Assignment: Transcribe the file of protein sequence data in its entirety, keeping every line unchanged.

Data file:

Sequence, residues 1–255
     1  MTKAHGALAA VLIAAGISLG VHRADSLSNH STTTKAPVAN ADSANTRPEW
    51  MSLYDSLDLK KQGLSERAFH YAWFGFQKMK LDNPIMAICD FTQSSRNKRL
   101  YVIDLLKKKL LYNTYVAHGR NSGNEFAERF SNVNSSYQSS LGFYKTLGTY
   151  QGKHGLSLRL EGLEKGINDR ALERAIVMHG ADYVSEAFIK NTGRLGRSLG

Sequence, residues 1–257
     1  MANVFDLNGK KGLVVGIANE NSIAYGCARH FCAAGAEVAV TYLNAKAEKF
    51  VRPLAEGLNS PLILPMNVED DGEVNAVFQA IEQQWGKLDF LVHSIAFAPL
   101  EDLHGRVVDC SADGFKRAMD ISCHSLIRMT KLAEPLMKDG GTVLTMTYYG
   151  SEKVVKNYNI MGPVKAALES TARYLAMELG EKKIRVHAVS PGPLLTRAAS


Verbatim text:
Sequence, residues 1–255
     1  MTKAHGALAA VLIAAGISLG VHRADSLSNH STTTKAPVAN ADSANTRPEW
    51  MSLYDSLDLK KQGLSERAFH YAWFGFQKMK LDNPIMAICD FTQSSRNKRL
   101  YVIDLLKKKL LYNTYVAHGR NSGNEFAERF SNVNSSYQSS LGFYKTLGTY
   151  QGKHGLSLRL EGLEKGINDR ALERAIVMHG ADYVSEAFIK NTGRLGRSLG

Sequence, residues 1–257
     1  MANVFDLNGK KGLVVGIANE NSIAYGCARH FCAAGAEVAV TYLNAKAEKF
    51  VRPLAEGLNS PLILPMNVED DGEVNAVFQA IEQQWGKLDF LVHSIAFAPL
   101  EDLHGRVVDC SADGFKRAMD ISCHSLIRMT KLAEPLMKDG GTVLTMTYYG
   151  SEKVVKNYNI MGPVKAALES TARYLAMELG EKKIRVHAVS PGPLLTRAAS